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Basin   /bˈeɪsən/   Listen
Basin

noun
1.
A bowl-shaped vessel; usually used for holding food or liquids.
2.
The quantity that a basin will hold.  Synonym: basinful.
3.
A natural depression in the surface of the land often with a lake at the bottom of it.
4.
The entire geographical area drained by a river and its tributaries; an area characterized by all runoff being conveyed to the same outlet.  Synonyms: catchment area, catchment basin, drainage area, drainage basin, river basin, watershed.
5.
A bathroom sink that is permanently installed and connected to a water supply and drainpipe; where you can wash your hands and face.  Synonyms: lavatory, washbasin, washbowl, washstand.



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"Basin" Quotes from Famous Books



... that supplied a basin in the countingroom, held her handkerchief to it, and saturated it with water. Then she tied it across her forehead, letting it hang before her face like a veil. She caught a fold ...
— Faith Gartney's Girlhood • Mrs. A. D. T. Whitney

... dim light of the jack-o'-lantern grinning in the window, he found the catch of the door, and the two children burst out of the closet. Seizing a bucket of water which stood by the hand-basin in the corner, Dan dashed out of doors, followed by Nancy, whose fear of Indians was now overmastered by fear of fire. If their beautiful new house should be burned! She ran to the well-sweep, and while Dan worked like a demon, stamping on burning ...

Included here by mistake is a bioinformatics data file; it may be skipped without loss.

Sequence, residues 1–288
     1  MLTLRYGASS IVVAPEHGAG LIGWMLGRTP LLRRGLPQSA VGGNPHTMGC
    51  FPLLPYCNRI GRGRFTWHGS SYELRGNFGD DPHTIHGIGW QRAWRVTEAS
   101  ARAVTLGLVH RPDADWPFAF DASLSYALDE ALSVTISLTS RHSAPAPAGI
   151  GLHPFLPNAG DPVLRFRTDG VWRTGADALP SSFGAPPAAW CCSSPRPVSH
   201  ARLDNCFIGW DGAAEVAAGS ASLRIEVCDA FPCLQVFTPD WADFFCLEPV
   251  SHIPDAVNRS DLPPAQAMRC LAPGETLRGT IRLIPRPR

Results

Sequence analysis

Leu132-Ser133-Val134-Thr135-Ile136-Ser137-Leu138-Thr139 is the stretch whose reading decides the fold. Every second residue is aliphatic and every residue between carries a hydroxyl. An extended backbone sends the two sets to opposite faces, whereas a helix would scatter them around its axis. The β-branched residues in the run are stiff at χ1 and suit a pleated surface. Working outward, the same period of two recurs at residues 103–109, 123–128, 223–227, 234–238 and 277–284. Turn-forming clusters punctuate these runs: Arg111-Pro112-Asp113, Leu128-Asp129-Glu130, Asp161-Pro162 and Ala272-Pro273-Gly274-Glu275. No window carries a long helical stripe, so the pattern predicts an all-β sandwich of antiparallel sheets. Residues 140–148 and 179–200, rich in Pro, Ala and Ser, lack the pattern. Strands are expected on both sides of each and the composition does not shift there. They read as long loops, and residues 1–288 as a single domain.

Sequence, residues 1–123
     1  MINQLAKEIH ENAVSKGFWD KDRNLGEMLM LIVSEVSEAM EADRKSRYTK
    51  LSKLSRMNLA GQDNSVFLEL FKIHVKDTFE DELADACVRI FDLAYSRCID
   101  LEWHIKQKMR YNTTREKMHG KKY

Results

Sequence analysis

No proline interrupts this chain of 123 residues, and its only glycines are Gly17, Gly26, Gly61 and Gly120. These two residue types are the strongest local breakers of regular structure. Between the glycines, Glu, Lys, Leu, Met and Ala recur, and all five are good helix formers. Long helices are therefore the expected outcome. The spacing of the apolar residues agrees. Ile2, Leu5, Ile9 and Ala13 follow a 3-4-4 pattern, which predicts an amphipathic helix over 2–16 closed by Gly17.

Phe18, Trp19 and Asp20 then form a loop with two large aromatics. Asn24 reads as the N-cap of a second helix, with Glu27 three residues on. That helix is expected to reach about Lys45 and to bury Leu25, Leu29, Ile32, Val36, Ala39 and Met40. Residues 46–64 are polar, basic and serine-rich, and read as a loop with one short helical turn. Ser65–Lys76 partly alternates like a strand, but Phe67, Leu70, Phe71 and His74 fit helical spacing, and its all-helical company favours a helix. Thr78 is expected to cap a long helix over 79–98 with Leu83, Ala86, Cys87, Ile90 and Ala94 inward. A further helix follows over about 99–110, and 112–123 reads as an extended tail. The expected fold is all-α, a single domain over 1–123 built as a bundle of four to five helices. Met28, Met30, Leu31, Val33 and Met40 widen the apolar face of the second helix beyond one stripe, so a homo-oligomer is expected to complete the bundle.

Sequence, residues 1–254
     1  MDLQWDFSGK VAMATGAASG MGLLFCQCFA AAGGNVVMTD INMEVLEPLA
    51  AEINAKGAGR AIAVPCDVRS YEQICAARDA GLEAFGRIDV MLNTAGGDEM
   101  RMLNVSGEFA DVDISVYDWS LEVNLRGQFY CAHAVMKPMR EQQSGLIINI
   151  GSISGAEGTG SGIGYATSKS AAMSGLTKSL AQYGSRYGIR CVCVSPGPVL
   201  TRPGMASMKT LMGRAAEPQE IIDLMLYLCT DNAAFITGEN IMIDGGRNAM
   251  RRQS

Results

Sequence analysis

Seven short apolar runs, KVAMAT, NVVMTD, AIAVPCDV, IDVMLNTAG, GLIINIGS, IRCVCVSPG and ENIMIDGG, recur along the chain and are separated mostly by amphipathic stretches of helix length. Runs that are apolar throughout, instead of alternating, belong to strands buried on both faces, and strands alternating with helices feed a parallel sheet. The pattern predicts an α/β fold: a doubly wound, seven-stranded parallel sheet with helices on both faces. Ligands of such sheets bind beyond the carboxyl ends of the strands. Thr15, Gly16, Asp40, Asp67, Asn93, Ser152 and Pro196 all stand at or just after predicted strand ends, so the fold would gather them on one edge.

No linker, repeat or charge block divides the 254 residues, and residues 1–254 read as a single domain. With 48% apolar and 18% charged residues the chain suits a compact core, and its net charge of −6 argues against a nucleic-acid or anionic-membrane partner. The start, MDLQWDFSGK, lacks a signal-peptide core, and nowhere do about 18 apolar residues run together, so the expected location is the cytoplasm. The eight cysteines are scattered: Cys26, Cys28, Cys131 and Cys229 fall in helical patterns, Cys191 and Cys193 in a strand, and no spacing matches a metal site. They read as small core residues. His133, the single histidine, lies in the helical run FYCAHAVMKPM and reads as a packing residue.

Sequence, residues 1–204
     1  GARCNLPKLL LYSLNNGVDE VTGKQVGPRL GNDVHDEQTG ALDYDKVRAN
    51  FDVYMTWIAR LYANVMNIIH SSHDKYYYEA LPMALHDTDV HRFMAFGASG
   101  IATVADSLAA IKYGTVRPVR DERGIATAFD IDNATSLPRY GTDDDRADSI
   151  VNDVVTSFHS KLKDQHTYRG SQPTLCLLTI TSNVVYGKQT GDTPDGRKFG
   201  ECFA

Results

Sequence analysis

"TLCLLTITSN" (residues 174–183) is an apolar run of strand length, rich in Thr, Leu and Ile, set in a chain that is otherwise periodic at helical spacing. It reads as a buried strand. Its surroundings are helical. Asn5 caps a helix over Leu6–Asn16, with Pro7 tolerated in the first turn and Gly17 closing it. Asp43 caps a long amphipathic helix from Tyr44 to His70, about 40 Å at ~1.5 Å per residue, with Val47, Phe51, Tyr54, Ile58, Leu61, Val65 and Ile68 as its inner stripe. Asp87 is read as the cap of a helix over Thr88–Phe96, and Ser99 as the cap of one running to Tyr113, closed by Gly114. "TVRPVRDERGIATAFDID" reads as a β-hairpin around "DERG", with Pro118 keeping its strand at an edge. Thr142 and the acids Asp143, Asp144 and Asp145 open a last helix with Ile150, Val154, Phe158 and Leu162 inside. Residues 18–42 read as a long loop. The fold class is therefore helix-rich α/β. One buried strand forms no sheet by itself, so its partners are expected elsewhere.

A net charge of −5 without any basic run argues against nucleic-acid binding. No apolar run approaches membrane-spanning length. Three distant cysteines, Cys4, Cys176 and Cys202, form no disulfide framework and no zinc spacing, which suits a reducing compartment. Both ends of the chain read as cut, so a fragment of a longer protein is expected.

— The Puritan Twins • Lucy Fitch Perkins

... of what was being done. By August, 1679, he had built and launched (in spite of extraordinary calamities and misfortunes) on the Upper Niagara River the first sailing boat which ever appeared on the four great upper lakes of the St. Lawrence basin. ...
— Pioneers in Canada • Sir Harry Johnston

... would come in through this open space, and the floor of it was generally formed into a square marble basin, to receive the water. This was called the impluvium. Sometimes there was a fountain in the centre of the impluvium, and all around it were the porticos, within and under which were the doors opening into ...
— Rollo in Naples • Jacob Abbott

... mouthfuls of dinner, and off to the theater. The play was "Venice Preserved." I dressed as quick as lightning, and was ready in time. The house was not very good, and I am sure I should have wondered if it had been, when the moon is just rising over the fresh tide that is filling the basin, and a delicious salt breeze blows along the beach, and the stars are lighting their lamps in heaven; and surely nobody but those who cannot help it would be breathing the gas and smoke and vile atmosphere of the playhouse. I played well, and when we ...
— Records of a Girlhood • Frances Anne Kemble

... waves," Jack assented somberly, picking up the wash basin. Why couldn't he enter the girl's foolery? He used to be full of it himself, and he used to consider that the natural form of companionship. He must be getting queer like all other hermits he had ...
— The Lookout Man • B. M. Bower